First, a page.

In accordance with Section 207 of The Refugee Act of 1980 (R.L. 96-212), members of the Committee on the Judiciary have now consulted with your representatives on the proposed refugee admissions for fiscal year 1991.
As we have in previous years, we continue to support the objectives of your program to assist refugees of "special humanitarian concern" to the United States. But once again we remain troubled over the inadequacy of funding arrangements required to support this program.
There has been a serious erosion in federal support for state and local resettlement programs, and we have increasingly relied upon private sources, raising questions of federal responsibility, as well as the equitable treatment of all refugees of concern to the United States. This year we have been asked to approve 11,000 refugee admissions for which State Department funding remains totally uncertain. And refugee resettlement funding to the States by the Department of Heal!h and Human Services has plumnated from 36 months of assistance just 5 years ago to only 4 months in soue key programs. Further resettlement funding reductions appear likely in 1991, absent supplemental funding -- which your representatives assured us would not be sought by the Administration.
In addition, we want to repeat our concern of last year that stronger efforts must be made to maintain an appropriate balance between the resettlement of refugees in the United States and the provision of assistance to refugees in first asylum countries. As you know, in recent years the percentage of our contributions to refugee assistance abroad has declined as our refugee admissions have increased.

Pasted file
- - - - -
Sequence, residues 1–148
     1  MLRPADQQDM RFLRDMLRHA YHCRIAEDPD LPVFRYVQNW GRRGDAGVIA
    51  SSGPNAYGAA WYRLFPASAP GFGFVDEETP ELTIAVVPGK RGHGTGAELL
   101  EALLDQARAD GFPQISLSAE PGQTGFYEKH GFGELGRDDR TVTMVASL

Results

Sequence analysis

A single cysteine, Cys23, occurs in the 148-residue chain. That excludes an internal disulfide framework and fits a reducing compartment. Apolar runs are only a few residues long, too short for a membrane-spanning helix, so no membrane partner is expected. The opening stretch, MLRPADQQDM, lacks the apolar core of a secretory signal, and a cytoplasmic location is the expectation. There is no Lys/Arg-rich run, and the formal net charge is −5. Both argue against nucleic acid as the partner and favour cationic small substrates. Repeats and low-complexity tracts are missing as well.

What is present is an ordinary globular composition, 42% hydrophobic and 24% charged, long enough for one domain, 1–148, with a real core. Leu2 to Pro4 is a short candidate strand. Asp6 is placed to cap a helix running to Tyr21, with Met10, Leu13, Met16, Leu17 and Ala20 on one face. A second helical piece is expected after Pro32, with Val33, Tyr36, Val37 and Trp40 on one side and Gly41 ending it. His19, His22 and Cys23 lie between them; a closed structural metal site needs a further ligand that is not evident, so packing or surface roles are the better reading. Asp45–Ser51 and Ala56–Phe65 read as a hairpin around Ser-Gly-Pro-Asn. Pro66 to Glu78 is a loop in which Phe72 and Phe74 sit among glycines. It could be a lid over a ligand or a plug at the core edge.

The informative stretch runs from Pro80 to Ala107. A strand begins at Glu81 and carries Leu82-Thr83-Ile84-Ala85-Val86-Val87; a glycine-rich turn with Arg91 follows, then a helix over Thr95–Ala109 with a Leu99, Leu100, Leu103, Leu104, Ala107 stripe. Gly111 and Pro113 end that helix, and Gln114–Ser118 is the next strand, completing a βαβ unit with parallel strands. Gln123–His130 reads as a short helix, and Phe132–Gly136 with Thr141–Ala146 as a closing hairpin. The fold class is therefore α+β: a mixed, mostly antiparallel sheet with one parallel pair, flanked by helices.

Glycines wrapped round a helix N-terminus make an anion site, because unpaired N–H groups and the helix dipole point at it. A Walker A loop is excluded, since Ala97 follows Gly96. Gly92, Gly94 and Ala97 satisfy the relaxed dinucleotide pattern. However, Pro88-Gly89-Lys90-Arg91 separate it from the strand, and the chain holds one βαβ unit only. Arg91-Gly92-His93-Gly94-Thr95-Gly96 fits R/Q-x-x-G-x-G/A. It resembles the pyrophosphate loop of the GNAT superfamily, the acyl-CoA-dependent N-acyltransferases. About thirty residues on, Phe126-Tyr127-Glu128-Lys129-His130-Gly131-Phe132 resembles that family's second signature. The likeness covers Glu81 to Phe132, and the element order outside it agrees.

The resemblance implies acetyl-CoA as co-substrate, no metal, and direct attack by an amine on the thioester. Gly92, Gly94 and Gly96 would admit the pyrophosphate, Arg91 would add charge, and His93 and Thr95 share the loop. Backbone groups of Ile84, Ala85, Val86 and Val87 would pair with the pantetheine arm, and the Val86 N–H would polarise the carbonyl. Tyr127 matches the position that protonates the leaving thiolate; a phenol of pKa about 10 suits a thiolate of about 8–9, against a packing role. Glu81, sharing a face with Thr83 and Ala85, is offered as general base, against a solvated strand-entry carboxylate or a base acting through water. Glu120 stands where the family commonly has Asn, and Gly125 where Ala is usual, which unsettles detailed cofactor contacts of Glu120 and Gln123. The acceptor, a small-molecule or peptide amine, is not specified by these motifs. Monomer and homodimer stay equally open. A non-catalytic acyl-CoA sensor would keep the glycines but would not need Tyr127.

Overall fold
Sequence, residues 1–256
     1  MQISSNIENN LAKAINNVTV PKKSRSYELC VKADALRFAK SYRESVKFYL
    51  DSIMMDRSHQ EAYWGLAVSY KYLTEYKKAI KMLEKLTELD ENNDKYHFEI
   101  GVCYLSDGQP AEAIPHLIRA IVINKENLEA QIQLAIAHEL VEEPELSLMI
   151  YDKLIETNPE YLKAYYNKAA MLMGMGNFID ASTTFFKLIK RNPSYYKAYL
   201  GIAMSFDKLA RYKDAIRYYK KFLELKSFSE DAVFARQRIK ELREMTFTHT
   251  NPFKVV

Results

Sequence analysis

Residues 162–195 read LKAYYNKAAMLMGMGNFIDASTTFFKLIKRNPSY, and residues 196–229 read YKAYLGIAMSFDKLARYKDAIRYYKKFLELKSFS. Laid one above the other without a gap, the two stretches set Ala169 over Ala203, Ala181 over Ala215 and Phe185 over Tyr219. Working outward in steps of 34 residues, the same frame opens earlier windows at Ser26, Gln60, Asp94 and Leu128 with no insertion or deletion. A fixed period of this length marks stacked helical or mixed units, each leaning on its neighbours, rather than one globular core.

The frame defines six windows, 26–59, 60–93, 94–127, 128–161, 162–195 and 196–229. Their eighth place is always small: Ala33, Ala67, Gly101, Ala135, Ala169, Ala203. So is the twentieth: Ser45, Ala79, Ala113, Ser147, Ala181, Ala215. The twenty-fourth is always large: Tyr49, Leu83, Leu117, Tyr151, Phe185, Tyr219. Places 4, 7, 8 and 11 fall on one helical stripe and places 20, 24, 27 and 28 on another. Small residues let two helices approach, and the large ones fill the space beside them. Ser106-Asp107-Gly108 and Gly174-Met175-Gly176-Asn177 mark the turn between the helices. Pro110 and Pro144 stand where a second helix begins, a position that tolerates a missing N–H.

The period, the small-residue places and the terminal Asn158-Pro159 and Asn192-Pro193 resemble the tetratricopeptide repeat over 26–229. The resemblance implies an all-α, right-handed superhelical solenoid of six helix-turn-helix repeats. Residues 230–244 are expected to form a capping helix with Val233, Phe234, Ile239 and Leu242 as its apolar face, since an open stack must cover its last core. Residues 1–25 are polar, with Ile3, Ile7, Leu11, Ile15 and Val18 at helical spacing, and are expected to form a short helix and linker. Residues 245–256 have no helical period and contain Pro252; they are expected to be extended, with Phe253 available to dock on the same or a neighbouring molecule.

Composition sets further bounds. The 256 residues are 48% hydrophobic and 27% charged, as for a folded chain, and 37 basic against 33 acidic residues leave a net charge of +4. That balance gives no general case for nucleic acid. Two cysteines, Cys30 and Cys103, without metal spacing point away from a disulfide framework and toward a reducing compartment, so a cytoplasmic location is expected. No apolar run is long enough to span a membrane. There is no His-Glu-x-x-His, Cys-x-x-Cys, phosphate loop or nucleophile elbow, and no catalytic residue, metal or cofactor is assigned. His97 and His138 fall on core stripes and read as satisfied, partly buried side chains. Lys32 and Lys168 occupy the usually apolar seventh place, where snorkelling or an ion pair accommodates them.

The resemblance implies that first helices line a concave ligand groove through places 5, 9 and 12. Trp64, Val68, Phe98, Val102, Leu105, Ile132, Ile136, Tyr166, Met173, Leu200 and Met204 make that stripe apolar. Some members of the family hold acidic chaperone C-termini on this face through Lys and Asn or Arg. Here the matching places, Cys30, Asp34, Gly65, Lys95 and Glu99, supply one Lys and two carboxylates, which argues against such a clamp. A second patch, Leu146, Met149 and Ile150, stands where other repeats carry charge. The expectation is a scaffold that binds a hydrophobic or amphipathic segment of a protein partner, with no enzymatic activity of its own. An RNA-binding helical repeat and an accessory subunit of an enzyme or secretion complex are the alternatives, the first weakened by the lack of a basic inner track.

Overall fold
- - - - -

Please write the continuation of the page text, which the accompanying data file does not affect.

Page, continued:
These issues suggest there is a need for better budgetary planning of anticipating the worst-case refugee scenarios rather than relying on more optimistic trends. We would urge the Administration to work with us and the other appropriate committees of Congress to provide earlier and more adequate budgetary authority and appropriations for refugee needs both here and abroad.
Although there are a number of other issues and concerns which members of the Committee raised during the consultations we had with your representatives, these will be outlined in separate letters to Secretary of State James A. Baker, III. But we want to commend you for our country's leadership regarding refugee assistance, and to indicate that we concur in your refugee admissions proposals for FY 1991.
Many thanks for your consideration, and best wishes.